Most Popular Languages for Getting a Tattoo, Ranked
Once illegal in many parts of the world, tattoos have come a long way in becoming globally accepted. Though most are still graphic in nature, getting quote or word tattoos is a common practice. And people express interest in messages not only in their native language but also in ones they simply find beautiful.
Of course, this sometimes has hilarious consequences, as with now-famous cases of people tattooing random words like "soup" in another language, thinking it was something deep like "courage." But if you do this respectfully and actually do your research, you can end up with a piece of art that is meaningful and beautiful.
These are the most popular languages for quote and word tattoos, ranked.
10. English Tattoos
Annual search demand: 9,240
Over 9,000 people search for English-language tattoos every year. Of course, the number of tattoos in English is higher since native speakers probably aren't searching for words. But because the language continues to dominate global pop culture, it makes sense people in other countries want to use it for their tattoos.
*Ranking and annual search demand are based on Preply's "The Most Popular Types of Language Tattoos" 2022-23 report.
9. Italian Tattoos
Annual search demand: 19,080
Italian is an undeniably beautiful language, so we can't blame anyone for wanting it on their body. However, we have the uncomfortable inkling that many of these people are probably tattooing phrases like "la dolce vita."
Yes, it's their body, and they can do whatever they want. But that doesn't make it less cringy.
8. Spanish Tattoos
Annual search demand: 26,160
Spanish-language music is taking over the world and amazing fans of all nationalities, so it's not surprising that people will want ink in the language.
We also suspect that many children of the Latin American diaspora who have grown up in the U.S. or elsewhere use these tattoos to reconnect with their heritage.
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7. French Tattoos
Annual search demand: 27,960
French has been romanticized for centuries, so it seems fitting that anyone fantasizing about "la vie en rose" will want a French tattoo. In fact, we bet that Emily will get a "Paris, je t'aime" tattoo before the series is over.
Of course, plenty of people get awesome tattoos in the language that successfully avoid being basic. We believe in you.
6. Greek Tattoos
Annual search demand: 37,800
Given that the western world continues to use many of the principles of ancient Greece, it's no wonder people are still fascinated with the language. Of course, modern Greek is very different, but the alphabet is exactly the same. And it's very cool looking.
Most people seek a piece that will let them take ancient wisdom anywhere they go. Others probably have more personal phrases that they want to remember. Images from paintings depicting ancient Greece are also very popular.
5. Korean Tattoos
Annual search demand: 40,920
As K-pop and K-dramas gain more fans, more people are waking up to the beauty of hangul, the Korean writing system. Invented by King Sejong the Great, hangul is said to be one of the easiest alphabets to learn. It's also completely unique, which makes it visually appealing and perfect for tattoos.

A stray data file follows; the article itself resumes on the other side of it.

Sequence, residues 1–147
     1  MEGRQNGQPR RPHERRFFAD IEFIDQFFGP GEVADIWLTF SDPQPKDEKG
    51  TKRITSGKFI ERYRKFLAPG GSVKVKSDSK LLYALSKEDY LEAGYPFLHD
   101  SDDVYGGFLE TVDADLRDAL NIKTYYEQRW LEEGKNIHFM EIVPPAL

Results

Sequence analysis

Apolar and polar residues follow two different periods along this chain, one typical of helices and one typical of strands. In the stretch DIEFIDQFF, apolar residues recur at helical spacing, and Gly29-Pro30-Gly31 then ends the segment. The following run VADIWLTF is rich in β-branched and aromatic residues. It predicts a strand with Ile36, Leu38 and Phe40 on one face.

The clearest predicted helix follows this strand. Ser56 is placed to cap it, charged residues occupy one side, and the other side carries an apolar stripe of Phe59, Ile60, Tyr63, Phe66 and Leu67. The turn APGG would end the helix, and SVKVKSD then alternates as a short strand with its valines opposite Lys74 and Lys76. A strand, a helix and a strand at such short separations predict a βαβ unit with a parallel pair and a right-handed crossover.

We predict that Korean tattoos will become as popular as those in other Asian languages in no time.
4. Latin Tattoos
Annual search demand: 53,400
In the tattoo community, Latin is far from a dead language. Like Greek, Latin attracts people interested in ancient philosophers and politicians. The most common tattoo in the language is "carpe diem," which translates to "seize the day." To be honest, it's unimaginative and overdone, though the message is good.
If you want the same message but don't want to be too cliché, get "memento mori," which translates to "remember that you will die."
3. Arabic Tattoos
Annual search demand: 81,600
Arabic tattoos are popular amongst both Arabs and non-Arabs because of the language's undeniable beauty. Its soft strokes simply lend themselves to works of art.
While spoken Arabic varies widely from country to country (and even region to region), the writing system is the same throughout.
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2. Chinese Tattoos
Annual search demand: 184,800
In the early 2000s, it seemed like absolutely everyone had a Chinese tattoo. But because many of these people got the tattoos before Google existed, it made for embarrassing moments. (Well, embarrassing for them, hilarious for everyone else once the tattoo's actual meaning was revealed.)
Chinese still dominates as the second most popular language for tattoos, which is unsurprising given the aesthetic appeal of hanzi, or Chinese characters. Just do yourself a favor and check the design before committing to it. Also, make sure your tattoo artist is fluent in Chinese, as even a tiny line can change the entire meaning of the character.
1. Japanese Tattoos
Annual search demand: 231,240
People covet Japanese tattoos more than tattoos in any other language.
Modern Japanese uses three writing systems — hiragana , katakana and kanji — to create thousands of symbols. This makes it more visually complex than languages that use alphabets, which, of course, translates into beautiful word tattoos.
Of course, people searching for Japanese tattoos are also likely searching for images that follow traditional or modern drawing styles. These have proven extremely popular in the community, especially with the rise of manga fans around the world.